• For bonus pools, the size of the aggregate bonus pool from which individual bonuses are paid would be reduced based on applying the restated financial reporting measure. If the reduced bonus pool is less than the aggregate amount of individual bonuses that were received from it, then the excess amount is reduced pro rata among the executive officers: 
      • No recovery would be required if the reduced bonus pool is still greater than the aggregate bonus received from it; and
      • Issuers using an umbrella plan to avoid the deduction limits of Section 162(m) of the Internal Revenue Code should assume that amounts paid pursuant to the underlying plan would be recoverable to the extent they are awarded due to the attainment of financial performance metrics.
    • - For incentive-based equiy awards:
      • If the shares, options, or SARs are still held at the time of recovery, the recoverable amount would be the number of shares, options, or SARs received in excess of the number that should have been received applying the restated financial reporting measure;
      • If the shares, options, or SARs have been exercised, but the underlying shares have not been sold, the recoverable amount would be the number of shares underlying the excess options or SARs (less any exercise price paid); and
      • If the shares have been sold, the recoverable amount would be the sale proceeds of the excess shares (less any exercise price paid).
  • Issuers are permitted to use reasonable estimates when determining the impact of an accounting restatement on stock price and total shareholder return, provided issuers publicly disclose those estimates.

  • Issuers must recover erroneously awarded compensation except to the extent it would be impracticable to do so (such as where the cost to recover exceeds the amount to be recovered or, if recovery would violate a home country law).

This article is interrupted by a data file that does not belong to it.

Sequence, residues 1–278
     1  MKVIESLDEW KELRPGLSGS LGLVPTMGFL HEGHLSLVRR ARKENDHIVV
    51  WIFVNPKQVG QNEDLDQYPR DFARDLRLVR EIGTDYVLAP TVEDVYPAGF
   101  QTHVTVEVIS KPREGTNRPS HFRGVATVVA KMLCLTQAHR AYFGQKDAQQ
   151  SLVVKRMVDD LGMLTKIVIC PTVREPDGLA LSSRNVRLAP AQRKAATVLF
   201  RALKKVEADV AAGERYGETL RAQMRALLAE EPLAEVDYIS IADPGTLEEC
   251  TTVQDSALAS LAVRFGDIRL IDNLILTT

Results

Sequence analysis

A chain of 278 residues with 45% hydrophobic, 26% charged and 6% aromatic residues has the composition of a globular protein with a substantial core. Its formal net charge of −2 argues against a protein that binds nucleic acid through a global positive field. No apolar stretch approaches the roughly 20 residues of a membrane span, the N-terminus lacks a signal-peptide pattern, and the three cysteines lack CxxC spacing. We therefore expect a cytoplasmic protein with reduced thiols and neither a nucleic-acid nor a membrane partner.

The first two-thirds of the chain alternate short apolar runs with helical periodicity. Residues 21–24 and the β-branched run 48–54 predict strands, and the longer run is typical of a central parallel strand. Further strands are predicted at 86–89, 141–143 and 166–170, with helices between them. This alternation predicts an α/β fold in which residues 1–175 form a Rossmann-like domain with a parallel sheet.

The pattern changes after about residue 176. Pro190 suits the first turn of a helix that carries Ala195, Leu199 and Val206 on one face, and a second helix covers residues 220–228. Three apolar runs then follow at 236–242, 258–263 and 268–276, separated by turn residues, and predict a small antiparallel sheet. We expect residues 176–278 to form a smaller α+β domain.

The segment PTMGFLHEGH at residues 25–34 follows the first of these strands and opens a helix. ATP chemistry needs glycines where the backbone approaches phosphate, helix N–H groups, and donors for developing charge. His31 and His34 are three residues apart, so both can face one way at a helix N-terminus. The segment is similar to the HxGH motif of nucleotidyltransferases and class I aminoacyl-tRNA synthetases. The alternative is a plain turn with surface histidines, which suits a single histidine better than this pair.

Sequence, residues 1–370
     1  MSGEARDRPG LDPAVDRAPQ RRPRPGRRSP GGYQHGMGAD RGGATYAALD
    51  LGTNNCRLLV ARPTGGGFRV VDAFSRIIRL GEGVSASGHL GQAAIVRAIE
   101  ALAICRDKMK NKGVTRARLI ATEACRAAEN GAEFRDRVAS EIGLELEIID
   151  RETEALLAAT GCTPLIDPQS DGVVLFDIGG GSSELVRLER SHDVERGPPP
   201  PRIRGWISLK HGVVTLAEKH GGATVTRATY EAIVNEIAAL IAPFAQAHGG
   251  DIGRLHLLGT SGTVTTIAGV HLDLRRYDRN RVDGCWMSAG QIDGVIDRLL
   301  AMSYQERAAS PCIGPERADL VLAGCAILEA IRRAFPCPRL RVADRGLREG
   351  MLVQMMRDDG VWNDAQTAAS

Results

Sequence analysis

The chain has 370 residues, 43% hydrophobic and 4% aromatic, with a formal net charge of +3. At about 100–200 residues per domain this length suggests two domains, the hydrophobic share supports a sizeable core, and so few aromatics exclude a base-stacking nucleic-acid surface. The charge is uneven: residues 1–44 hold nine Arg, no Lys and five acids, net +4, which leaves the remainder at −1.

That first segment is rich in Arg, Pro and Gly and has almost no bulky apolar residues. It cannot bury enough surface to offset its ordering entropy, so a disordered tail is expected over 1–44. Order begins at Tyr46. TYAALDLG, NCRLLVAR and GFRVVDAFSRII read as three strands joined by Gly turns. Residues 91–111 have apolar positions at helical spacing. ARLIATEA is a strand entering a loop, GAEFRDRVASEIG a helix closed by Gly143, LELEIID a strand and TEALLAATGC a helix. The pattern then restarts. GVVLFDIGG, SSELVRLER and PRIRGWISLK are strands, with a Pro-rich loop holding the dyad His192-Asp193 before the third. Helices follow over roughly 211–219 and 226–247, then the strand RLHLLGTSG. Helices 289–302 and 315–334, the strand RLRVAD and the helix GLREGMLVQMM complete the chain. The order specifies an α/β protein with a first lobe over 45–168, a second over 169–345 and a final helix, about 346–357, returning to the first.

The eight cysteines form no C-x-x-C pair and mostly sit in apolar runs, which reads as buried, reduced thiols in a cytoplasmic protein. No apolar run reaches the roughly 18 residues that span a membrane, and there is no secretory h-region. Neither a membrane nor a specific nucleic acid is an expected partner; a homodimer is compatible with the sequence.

• If an issuer decided not to pursue recovery from an individual, it must disclose the individual’s name, the amount forgone, and a brief description of the reason for deciding not to pursue recovery.

  • Examples of potential means of compensation recovery include:
    • Recovery over time or from future pay;
    • Recovery from current compensation owing, and then after-tax funds;
    • Forfeiture of an award earned but not yet paid; 
    • Forfeiture of unvested awards; and
    • Offsetting against amounts otherwise payable, such as deferred compensation (however, this could lead to a Code Section 409A additional tax penalty for impermissible payment acceleration).
  • Any fiscal year during which an issuer completed a restatement that required recovery of erroneously awarded incentive-based compensation, or there was an outstanding balance of excess incentive-based compensation from a previous year, the issuer must disclose:
    • The date on which the issuer was required to prepare an accounting restatement;
    • The aggregate dollar amount of excess incentive-based compensation attributable to the accounting restatement, or an explanation of the reasons why the amount has not yet been determined; 
    • The estimates that were used in determining the excess incentive-based compensation attributable to the accounting restatement, if the financial reporting measure related to a stock price or total shareholder return metric;
    • The aggregate dollar amount of excess incentive-based compensation that remained outstanding at the end of the last fiscal year; and
    • The name of any individual who, as of the end of the last fiscal year, had erroneously awarded compensation outstanding for a period of 180 days or longer, as well as the dollar amount of the outstanding erroneously awarded compensation.